## Quantum Speed-Up of Computations (2002)

Venue: | Philosophy of Science |

Citations: | 7 - 0 self |

### BibTeX

@INPROCEEDINGS{Pitowsky02quantumspeed-up,

author = {Itamar Pitowsky},

title = {Quantum Speed-Up of Computations},

booktitle = {Philosophy of Science},

year = {2002},

pages = {168--177}

}

### OpenURL

### Abstract

Church-Turing Thesis as saying something about the scope and limitations of physical computing machines. Although this was not the intention of Church or Turing, the Physical Church Turing thesis is interesting in its own right. Consider, for example, Wolfram’s formulation: One can expect in fact that universal computers are as powerful in their computational capabilities as any physically realizable system can be, that they can simulate any physical system...Nophysically implementable procedure could then shortcut a computationally irreducible process. (Wolfram 1985) Wolfram’s thesis consists of two parts: (a) Any physical system can be simulated (to any degree of approximation) by a universal Turing machine (b) Complexity bounds on Turing machine simulations have physical significance. For example, suppose that the computation of the minimum energy of some system of n particles takes at least exponentially (in n) many steps. Then the relaxation time of the actual physical system to its minimum energy state will also take exponential time. An even more extreme formulation of (more or less) the same thesis is due to Aharonov (1998): A probabilistic Turing machine can simulate any reasonable physical device in polynomial cost. She calls this The Modern Church Thesis. Aharonov refers here to probabilistic Turing machines that use random numbers in addition to the usual deterministic table of steps. It seems that such machines are capable to perform certain tasks faster than fully deterministic machines. The most famous randomized algorithm of that kind concerns the decision whether a given natural number is prime. A probabilistic algorithm that decides primality in a number of

### Citations

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Citation Context ...y add phase factors like e i� 1 to each component. This is a crucial difference which will play an important role in the sequel. Can we simulate such dynamics on a Turing machine? The answer is yes! (=-=Deutsch 1985-=-). If the system starts from a finite superposition of states, we can calculate the dynamics of each element of the superposition separately on one Turing machine, and then add the results with the pr... |

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Citation Context ...takes is exponential in the size of the input. The bigger trouble is that no (essentially) better algorithm is known to exist. This is the most important open problem in theoretical computer science (=-=Gary and Johnson 1979-=-). It seems superficially that quantum parallelism suits this problem. We can easily represent the proposition and the truth assignments by the states of a quantum system. We first encode them as a se... |

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Citation Context ...thm on a physical machine will have an economic, as well as scientific consequences. Unfortunately, the engineering of real quantum computers faces many obstacles which we shall not discuss here (see =-=Ekert and Jozsa 1996-=-, Aharonov 1998). Let L be a natural number. Any natural number a such that 0 � a � k = ∑ k = 0 k 2 where a0, a1,...,aL�1 � 2L�1 L−1 has a binary representation a a {0, 1}. We shall represent the numb... |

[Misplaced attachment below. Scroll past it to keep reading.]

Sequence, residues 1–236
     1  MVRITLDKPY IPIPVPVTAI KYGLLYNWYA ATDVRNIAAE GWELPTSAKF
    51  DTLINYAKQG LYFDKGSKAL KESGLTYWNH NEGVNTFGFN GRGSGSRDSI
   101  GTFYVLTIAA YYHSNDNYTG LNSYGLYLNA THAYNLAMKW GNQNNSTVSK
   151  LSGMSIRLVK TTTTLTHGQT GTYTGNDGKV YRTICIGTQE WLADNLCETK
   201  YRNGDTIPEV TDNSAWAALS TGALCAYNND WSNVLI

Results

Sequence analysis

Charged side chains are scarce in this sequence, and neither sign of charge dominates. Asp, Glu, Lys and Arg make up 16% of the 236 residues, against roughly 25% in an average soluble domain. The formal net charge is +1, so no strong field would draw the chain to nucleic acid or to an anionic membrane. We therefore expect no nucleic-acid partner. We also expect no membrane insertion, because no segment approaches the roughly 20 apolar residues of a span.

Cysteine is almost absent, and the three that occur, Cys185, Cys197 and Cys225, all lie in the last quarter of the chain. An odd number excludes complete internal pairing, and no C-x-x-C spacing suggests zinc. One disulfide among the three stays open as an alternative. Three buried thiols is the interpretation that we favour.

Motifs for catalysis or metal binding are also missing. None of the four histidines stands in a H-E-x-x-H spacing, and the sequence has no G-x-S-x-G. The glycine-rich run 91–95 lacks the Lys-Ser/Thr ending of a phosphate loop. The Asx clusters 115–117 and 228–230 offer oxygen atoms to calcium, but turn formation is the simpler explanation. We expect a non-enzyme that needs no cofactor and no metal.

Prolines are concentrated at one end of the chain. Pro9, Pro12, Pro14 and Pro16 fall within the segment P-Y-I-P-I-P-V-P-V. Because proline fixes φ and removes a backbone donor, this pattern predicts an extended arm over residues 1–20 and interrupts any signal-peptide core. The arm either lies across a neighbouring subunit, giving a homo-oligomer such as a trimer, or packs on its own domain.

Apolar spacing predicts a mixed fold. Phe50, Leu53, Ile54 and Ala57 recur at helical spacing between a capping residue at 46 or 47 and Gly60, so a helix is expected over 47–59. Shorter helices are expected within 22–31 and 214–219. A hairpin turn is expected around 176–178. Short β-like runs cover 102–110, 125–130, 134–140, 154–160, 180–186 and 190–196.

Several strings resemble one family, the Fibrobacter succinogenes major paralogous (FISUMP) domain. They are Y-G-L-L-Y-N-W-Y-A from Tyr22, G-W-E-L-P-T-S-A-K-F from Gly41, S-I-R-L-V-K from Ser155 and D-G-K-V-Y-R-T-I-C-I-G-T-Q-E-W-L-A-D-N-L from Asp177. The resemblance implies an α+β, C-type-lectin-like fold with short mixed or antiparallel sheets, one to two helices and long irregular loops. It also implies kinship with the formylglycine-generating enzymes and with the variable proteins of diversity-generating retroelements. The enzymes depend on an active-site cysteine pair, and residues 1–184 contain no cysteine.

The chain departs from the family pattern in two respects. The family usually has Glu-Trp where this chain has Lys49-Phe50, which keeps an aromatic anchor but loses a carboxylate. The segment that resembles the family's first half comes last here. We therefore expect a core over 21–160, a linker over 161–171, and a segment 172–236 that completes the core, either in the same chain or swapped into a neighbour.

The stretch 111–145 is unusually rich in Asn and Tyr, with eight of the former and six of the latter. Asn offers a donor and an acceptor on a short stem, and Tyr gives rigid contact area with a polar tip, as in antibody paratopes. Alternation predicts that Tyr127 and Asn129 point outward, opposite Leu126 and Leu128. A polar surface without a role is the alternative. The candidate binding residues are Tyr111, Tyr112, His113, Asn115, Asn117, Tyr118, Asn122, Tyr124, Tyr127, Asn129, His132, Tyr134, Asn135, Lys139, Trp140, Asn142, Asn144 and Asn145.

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Citation Context ...ters of physics to their computational counterparts: memory capacity and number of computation steps, respectively. There are various ways to do that, leading to different formulations of the thesis (=-=Pitowsky, 1990-=-). For example, one can encode the set of instructions of a universal Turing machine and the state of its infinite tape in the binary development of the position coordinates of a single particle. Cons... |

6 |
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Citation Context ...pe in the binary development of the position coordinates of a single particle. Consequently, one can physically ‘realize’ a universal Turing machine as a billiard with hyperbolic mirrors (Moore 1990; =-=Pitowsky 1994-=-). However, the most intuitive connection between abstract Turing machines and physical devices appear in the pioneering work of Gandy. 3 A discrete deterministic mechanical device is a physical syste... |

1 | The Church Turing Thesis - Copeland - 1996 |

1 |
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(Show Context)
Citation Context ... find large prime numbers fast, and it is hard to factor large composite numbers in any reasonable amount of time. Many protocols such as public key and electronic signature are based on these facts (=-=Giblin 1993-=-). Therefore, the discovery that quantum computers can solve FACTORING in polynomial time has had a dramatic effect. 6 The implementation of the algorithm on a physical machine will have an economic, ... |

1 | Quantum Entanglement and Classical Computation”, this volume - MacCallum - 2001 |